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Knowing What Others Know: Coordination Motives in Information Acquisition

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  • Hellwig, Christian
  • Veldkamp, Laura

Abstract

We explore how optimal information choices change the predictions of strategic models. When a large number of agents play a game with strategic complementarity, information choices exhibit complementarity as well: If an agent wants to do what others do, they want to know what others know. This makes heterogeneous beliefs difficult to sustain and may generate multiple equilibria. In models with substitutability, agents prefer to differentiate their information choices. We use these theoretical results to determine the role of information choice in recent price-setting models and to propose modeling techniques that ensure equilibrium uniqueness.

Suggested Citation

  • Hellwig, Christian & Veldkamp, Laura, 2007. "Knowing What Others Know: Coordination Motives in Information Acquisition," CEPR Discussion Papers 6506, C.E.P.R. Discussion Papers.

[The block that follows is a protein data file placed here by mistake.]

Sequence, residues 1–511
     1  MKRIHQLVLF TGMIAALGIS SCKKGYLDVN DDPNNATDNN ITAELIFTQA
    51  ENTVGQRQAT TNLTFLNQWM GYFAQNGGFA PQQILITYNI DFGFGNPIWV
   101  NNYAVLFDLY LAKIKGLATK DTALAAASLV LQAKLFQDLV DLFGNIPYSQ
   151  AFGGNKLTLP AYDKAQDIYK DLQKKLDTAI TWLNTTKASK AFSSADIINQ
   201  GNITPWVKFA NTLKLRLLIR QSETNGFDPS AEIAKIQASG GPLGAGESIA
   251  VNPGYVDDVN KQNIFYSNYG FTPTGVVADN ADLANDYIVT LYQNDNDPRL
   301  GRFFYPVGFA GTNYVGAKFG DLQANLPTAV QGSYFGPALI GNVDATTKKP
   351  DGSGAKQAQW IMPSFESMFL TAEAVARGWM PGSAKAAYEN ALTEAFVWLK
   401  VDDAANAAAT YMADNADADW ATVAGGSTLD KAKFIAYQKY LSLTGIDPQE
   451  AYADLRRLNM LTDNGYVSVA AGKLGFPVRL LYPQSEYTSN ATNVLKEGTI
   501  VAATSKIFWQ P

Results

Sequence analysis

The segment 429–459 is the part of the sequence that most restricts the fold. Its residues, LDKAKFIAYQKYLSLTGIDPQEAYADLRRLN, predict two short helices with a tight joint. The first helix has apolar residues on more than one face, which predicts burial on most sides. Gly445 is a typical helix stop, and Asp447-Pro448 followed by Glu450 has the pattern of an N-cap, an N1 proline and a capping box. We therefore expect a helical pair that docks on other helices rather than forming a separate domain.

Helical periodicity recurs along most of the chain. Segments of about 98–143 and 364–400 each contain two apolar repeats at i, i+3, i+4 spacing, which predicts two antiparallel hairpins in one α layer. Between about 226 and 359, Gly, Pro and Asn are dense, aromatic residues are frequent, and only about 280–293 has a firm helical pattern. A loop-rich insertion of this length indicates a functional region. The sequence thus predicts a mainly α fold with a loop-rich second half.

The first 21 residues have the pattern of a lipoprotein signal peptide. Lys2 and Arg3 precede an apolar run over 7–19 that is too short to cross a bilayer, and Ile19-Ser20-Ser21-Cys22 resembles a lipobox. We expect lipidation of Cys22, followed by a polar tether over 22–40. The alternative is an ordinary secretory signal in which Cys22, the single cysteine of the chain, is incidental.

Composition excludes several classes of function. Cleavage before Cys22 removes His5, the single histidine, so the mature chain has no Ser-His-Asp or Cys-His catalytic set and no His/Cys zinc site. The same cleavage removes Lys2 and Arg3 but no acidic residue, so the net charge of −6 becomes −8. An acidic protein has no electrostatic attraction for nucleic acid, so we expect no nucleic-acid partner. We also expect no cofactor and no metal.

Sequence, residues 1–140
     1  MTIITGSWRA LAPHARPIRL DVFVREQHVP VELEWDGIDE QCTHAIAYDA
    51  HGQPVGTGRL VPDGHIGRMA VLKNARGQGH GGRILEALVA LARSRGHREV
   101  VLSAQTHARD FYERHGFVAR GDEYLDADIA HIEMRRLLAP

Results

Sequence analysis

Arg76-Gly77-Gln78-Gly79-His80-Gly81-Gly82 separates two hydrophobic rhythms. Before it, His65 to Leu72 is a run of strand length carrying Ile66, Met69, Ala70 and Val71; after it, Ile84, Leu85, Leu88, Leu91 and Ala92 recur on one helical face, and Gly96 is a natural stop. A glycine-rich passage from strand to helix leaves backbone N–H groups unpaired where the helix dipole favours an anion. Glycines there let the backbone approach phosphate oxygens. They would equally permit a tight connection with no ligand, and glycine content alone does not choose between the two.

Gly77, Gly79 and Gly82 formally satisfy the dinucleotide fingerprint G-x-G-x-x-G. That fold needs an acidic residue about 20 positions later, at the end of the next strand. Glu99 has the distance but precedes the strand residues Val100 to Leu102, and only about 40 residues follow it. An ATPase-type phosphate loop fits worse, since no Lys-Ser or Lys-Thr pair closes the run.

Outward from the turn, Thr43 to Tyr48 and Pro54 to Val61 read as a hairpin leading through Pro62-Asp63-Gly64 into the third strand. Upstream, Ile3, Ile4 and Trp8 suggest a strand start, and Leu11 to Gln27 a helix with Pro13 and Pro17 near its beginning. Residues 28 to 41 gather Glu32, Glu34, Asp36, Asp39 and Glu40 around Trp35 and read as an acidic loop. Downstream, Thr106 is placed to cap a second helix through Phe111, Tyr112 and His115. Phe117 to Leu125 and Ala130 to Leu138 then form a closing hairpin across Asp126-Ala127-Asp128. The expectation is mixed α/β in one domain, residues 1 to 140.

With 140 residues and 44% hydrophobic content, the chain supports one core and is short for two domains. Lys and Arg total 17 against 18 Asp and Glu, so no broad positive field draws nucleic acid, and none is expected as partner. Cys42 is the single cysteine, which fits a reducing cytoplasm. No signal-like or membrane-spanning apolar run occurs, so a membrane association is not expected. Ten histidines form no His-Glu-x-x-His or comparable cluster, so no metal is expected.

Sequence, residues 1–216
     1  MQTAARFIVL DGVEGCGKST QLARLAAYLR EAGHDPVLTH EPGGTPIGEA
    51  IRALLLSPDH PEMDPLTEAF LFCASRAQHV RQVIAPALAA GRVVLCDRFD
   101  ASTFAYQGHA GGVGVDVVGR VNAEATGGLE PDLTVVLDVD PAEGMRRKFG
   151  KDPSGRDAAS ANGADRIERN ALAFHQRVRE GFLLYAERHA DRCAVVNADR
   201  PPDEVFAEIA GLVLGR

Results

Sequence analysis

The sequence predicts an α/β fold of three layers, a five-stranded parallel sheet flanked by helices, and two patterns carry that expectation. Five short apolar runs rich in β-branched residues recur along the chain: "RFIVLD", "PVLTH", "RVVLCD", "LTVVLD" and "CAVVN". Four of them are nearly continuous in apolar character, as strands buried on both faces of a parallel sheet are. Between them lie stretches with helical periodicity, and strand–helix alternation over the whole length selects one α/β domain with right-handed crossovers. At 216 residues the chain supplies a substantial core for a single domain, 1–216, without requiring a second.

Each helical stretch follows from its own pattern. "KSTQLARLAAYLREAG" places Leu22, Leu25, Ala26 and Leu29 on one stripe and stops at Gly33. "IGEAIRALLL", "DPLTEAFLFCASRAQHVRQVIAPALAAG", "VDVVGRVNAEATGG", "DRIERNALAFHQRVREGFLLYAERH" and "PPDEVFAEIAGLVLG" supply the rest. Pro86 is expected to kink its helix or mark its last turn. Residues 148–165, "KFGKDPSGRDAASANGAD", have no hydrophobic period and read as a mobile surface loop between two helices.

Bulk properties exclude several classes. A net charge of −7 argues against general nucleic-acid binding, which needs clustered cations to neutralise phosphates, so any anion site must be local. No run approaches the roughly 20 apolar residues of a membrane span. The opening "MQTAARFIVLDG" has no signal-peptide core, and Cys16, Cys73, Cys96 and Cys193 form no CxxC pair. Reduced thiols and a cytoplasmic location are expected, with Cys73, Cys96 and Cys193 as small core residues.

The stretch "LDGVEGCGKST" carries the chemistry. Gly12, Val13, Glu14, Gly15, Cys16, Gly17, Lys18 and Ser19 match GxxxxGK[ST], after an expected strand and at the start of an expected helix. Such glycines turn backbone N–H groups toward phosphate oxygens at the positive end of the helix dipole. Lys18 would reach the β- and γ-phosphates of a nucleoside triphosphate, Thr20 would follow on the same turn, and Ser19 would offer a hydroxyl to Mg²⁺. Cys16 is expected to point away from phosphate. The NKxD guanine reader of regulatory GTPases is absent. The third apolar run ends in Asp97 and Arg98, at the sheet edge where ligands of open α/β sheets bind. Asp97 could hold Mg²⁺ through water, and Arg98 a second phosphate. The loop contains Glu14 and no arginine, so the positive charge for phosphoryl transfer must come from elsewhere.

• Handle: RePEc:cpr:ceprdp:6506
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    References listed on IDEAS

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    More about this item

    Keywords

    Costly Information Acquisition; Price-setting; Strategic Complementarities;

    JEL classification:

    • C72 - Mathematical and Quantitative Methods - - Game Theory and Bargaining Theory - - - Noncooperative Games
    • D82 - Microeconomics - - Information, Knowledge, and Uncertainty - - - Asymmetric and Private Information; Mechanism Design
    • D83 - Microeconomics - - Information, Knowledge, and Uncertainty - - - Search; Learning; Information and Knowledge; Communication; Belief; Unawareness
    • E31 - Macroeconomics and Monetary Economics - - Prices, Business Fluctuations, and Cycles - - - Price Level; Inflation; Deflation

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